• More recent cohorts have too many ongoing cases to determine their ultimate dismissal rates. However, the 2016 cohort will end up having a dismissal rate of at least 49 percent.

Federal Filings by Lead Plaintiff

This analysis examines how frequently individual or institutional investors were appointed as lead plaintiff in core federal filings.

  • From 1997 to 2003, while individuals were appointed as lead plaintiff more often than institutional investors in core federal filings, the difference narrowed.
  • From 2004 to 2012, institutional investors were generally as or more likely to be appointed lead plaintiff than were individuals.
  • Starting in 2013, individuals were appointed as lead plaintiff more often than institutional investors. This suggests a shift in litigation strategies by some plaintiff law firms.
  • Individuals were exclusively appointed as lead plaintiff in 60 percent of the core federal filings in 2019.

1933 Act Cases Filed in State Courts

The following data include 1933 Act filings in California, New York, and other state courts. The figure below illustrates all the filings currently in the dataset. Filings from prior years are added retrospectively when identified.

  • In 2019, 15 class actions alleging violations of the 1933 Act were filed in California state courts, 18 were filed in New York state courts, and 16 were filed in other state courts. These filings may include Section 11, Section 12, and Section 15 claims, but do not include Rule 10b-5 claims.
  • Since 2018, 81 percent of California state filings have involved companies headquartered in California and only 16 percent have involved non-U.S. companies. Conversely, in New York only 10 percent involved companies headquartered in New York and 42 percent involved non-U.S. companies.
  • In 2019, filings in New York state courts overtook the number of filings in California state courts.
  • State filings in states outside of New York and California almost tripled in 2019, from six filings in 2018 to 16 in 2019. These filings were in Florida, Illinois, Massachusetts, Michigan, Nevada, New Jersey, Pennsylvania, Rhode Island, Tennessee, Texas, and Wisconsin.

New: 1933 Act Filings by Venue—Post-Cyan

Parallel (or related) 1933 Act filings against the same issuer in different venues have increased post-Cyan. This figure presents the degree to which post-Cyan 1933 Act filings are being litigated in multiple jurisdictions at the same time. These parallel filings may be in federal and state courts (federal-state filings) or in different state courts (multiplestate filings).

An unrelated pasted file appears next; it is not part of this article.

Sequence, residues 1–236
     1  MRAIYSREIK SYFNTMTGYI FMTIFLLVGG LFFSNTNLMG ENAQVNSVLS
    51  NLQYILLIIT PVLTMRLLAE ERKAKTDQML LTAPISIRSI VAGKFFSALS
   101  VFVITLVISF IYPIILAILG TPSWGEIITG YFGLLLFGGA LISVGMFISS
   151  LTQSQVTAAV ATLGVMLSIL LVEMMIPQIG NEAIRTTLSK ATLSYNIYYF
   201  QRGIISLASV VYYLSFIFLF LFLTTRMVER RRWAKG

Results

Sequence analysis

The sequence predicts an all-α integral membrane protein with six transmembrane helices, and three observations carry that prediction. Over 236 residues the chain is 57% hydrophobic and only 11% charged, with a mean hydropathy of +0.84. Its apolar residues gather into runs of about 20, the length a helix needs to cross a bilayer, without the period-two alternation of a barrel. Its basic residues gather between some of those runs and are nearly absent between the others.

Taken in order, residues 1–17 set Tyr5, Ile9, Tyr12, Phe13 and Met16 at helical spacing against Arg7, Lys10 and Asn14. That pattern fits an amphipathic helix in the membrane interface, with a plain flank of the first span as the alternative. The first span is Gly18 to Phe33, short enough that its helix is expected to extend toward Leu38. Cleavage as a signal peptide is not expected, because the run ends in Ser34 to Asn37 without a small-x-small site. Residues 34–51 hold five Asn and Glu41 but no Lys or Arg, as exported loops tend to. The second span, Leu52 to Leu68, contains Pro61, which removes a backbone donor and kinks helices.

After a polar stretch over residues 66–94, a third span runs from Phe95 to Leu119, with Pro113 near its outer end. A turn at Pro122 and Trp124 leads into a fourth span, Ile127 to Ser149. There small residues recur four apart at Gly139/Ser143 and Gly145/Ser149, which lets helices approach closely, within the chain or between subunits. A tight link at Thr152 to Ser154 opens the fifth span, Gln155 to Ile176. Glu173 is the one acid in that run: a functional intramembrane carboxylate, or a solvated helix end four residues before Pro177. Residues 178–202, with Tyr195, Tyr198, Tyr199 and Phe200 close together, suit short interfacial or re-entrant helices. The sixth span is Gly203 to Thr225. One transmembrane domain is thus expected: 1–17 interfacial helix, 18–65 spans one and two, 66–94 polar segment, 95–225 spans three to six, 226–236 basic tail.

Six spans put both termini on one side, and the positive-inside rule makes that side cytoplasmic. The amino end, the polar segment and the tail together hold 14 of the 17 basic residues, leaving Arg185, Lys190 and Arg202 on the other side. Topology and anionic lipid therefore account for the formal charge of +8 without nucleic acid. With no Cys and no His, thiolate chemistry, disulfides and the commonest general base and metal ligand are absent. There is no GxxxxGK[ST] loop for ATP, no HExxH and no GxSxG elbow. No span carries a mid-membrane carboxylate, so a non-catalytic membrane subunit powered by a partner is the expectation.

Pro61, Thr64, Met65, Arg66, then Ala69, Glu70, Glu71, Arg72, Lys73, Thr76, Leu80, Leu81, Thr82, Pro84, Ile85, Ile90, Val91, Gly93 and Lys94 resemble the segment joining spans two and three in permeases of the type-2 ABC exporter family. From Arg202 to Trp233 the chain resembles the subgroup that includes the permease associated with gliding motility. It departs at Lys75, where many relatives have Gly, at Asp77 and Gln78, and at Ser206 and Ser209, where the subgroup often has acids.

• Multiple-state filings have increased post-Cyan. Between 2010 and 2018 there were only four companies facing multiple-state filings, whereas post-Cyan there have already been seven.
  • As an example of post-Cyan jurisdictional complexities, in 2019 SmileDirectClub was the subject of securities class action filings in New York federal court, Tennessee federal court, Michigan federal court, Tennessee state court, and Michigan state court.
  • Six of the seven companies facing multiple-state filings post-Cyan were sued in New York state courts.

IPO Litigation Likelihood

This figure compares the cumulative litigation exposure of IPOs to core federal and state 1933 Act filings since the 2008 credit crisis (post-crisis: 2009–2018) with two other groups of IPOs—core federal filings prior to the credit crisis (precrisis: 2001–2008) and prior to the dot-com collapse (early period: 1996–2000). The 1933 Act filings that are exclusively in the state courts enter into this analysis beginning in 2010.

  • Post-crisis IPOs have faced higher litigation exposure in the first few years after an offering than IPOs in prior periods—for example, 20.0 percent of post-crisis IPOs have been subject to a core filing within four years of the IPO, compared to 14.0 percent for the pre-crisis cohort and 12.6 percent for the early period cohort.
  • For each IPO grouping, the incremental litigation exposure generally decreased with each year further removed from the IPO. See Appendix 6 of the complete publication for incremental exposure litigation values.

The complete publication, including Appendix, is available here.